Anthony Borgatello
Paul Wellman

The Fiesta must go on.

That was the main message of Friday morning’s press conference at the Carriage Museum in Santa Barbara, where this year’s El Presidente, Anthony Borgatello, briefed the media, business community, and assorted dignitaries about the state of the city’s annual first-weekend-in-August bash. Also on tap was historian Erin Graffy de Garcia, who ran down the economics of Fiesta, explaining that the event kicks more than $660,000 into the lodging industry and another $25 million to retailers, numbers that throw more than $300,000 back at the City of Santa Barbara in taxes.

No one actually expected that the Old Spanish Days Fiesta would be canceled, but the announcement was deemed significant because other annual events are skipping 2009 due to the poor economy, from the Big Dog Parade to the Black & Blue Ball. “We have a lot of challenges before us, and we know this,” Borgatello said before announcing proudly to brief applause, “I can guarantee you that we are going to have a Fiesta.” But he also warned, “It’s not going to be the Fiesta of last year or the year before.”

Borgatello – a Santa Barbara native and head of MarBorg Industries‘ “liquid waste” (aka port-a-potties) division – explained that it would likely be scaled back a bit, but said that, at the present time, nothing has been cut from the budget that was recently approved by the board. “We don’t want to cut anything completely,” he later explained when asked about specifics. “But cut back? Yes.”

Fiesta’s importance to Santa Barbara’s nonprofit community was cited by Borgatello as one of the main reasons for pushing forward in these tough times. More than 40 other charities rely on Fiesta, said Borgatello, explaining that the annual bash serves as “a platform for other nonprofits to have their largest fundraisers of the year.” But Borgatello, whose company was honored earlier this week by the California Department of Forestry for being a first responder during the recent wildfires, also asked for the public’s support, saying, “This year, we’re going to rely on the community more than ever.”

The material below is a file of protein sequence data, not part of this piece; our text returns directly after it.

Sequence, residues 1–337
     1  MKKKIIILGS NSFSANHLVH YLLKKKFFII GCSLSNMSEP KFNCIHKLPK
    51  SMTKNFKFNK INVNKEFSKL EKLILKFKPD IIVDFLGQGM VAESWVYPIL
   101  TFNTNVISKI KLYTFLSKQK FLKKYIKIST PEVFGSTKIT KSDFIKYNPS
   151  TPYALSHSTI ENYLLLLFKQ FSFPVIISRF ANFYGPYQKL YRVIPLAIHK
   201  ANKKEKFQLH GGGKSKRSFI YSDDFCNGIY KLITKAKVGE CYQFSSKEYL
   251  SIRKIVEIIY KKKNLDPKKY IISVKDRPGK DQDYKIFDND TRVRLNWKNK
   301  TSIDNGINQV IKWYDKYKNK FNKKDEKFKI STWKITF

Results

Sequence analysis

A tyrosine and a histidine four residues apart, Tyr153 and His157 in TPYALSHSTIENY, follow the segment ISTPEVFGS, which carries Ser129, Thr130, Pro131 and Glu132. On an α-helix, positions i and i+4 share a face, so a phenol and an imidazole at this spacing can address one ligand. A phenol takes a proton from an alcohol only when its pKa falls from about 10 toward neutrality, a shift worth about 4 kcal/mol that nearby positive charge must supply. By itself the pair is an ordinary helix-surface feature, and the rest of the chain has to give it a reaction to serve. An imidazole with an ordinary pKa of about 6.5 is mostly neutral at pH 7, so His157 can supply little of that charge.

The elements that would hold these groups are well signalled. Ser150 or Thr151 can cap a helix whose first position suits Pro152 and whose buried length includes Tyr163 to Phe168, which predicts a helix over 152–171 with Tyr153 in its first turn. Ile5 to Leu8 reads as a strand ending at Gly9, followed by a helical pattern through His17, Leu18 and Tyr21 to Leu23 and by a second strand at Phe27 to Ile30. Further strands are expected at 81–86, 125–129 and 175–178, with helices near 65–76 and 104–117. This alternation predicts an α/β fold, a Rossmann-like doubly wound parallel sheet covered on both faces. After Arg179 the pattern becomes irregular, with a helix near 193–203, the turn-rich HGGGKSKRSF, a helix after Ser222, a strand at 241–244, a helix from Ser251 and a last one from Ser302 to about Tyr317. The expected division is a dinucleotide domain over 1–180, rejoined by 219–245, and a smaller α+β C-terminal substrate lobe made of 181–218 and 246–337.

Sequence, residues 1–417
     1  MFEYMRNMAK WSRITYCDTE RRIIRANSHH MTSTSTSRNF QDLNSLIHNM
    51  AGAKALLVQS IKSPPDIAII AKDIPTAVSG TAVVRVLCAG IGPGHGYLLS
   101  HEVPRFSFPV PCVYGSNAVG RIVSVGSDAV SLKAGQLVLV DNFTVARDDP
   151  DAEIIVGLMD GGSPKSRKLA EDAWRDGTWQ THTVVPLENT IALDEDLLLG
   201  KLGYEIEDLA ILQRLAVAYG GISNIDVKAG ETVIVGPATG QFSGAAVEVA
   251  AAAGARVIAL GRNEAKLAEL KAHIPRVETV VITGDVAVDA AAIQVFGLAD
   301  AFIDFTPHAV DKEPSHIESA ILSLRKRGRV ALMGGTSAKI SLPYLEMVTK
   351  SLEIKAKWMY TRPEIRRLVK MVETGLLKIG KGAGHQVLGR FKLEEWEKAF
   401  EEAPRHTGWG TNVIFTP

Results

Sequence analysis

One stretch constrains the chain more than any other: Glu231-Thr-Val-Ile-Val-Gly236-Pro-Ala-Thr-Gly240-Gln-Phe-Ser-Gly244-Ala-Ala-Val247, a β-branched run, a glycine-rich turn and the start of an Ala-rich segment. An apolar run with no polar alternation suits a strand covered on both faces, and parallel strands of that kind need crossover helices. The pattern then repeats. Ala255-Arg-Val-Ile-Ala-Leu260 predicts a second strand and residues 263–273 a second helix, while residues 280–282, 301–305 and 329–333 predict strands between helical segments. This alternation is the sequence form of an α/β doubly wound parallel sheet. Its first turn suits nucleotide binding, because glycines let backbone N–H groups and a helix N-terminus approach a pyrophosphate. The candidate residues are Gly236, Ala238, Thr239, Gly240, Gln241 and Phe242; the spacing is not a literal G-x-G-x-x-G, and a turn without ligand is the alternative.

Borgatello also announced that this year’s theme would be “a tribute to tradition” in an attempt to “bring things back to its core” and thanked Mike Dominguez, his first vice president, a position that requires the most on-the-ground work in the whole Old Spanish Days structure, and usually results in being named El Presidente the next year. (Borgatello was first vice president last year.)

Up next was Erin Graffy de Garcia, whose job was to diffuse the conventional wisdom that Fiesta, which was created in 1924 as a means of attracting tourists to Santa Barbara, is not required for revenue anymore. Heading off that and other common gripes at the pass, Graffy de Garcia said that an economic study had been conducted over the past few years with the help of the Chamber of Commerce, Downtown Organization, and Convention and Visitors Bureau to provide some “concrete figures.”

As far as Fiesta lodging goes, while 30 percent of hotels are 100 percent full during the summer, the other 70 percent are only about 88 percent full. During Fiesta, that number jumps to 99.6 percent occupancy, and the usually sold-out hotels also raise their rates. Punching those numbers into a calculator shows a $660,000 boost in hotel revenues, of which $79,000 goes to the City of Santa Barbara in bed tax.

As for retail, Graffy de Garcia provided a more qualitative assessment at first, explaining that there is a bump not only from tourists but also from locals. “Santa Barbara residents spend differently during the week of Fiesta,” she explained, citing conversation she’d had with grocers who say that people buy a lot more food and drink during that time. “Whether or not they go downtown for Fiesta doesn’t make any difference.” When you take all the numbers they compiled, the result is a staggering $25 million in revenues above and beyond what Santa Barbara shops make in the weeks before and after Fiesta. Of that, about $250,000 goes right back to the city, roughly the increased cost it takes for the police to patrol the party. And, as if on cue to combat the complainers who say Fiesta doesn’t help the mom-and-pops, Graffy de Garcia explained, “It’s the smaller retailers who say they do the best.”

Will Fiesta detractors swallow that information whole? Probably not. But one thing remains certain: Fiesta 2009 will go on as scheduled. And whether this recession gets deeper or the country starts pulling out by late summer, the first weekend in August will be just about the right time to raise spirits citywide in the traditional celebration.

See the 2009 Fiesta press release here.


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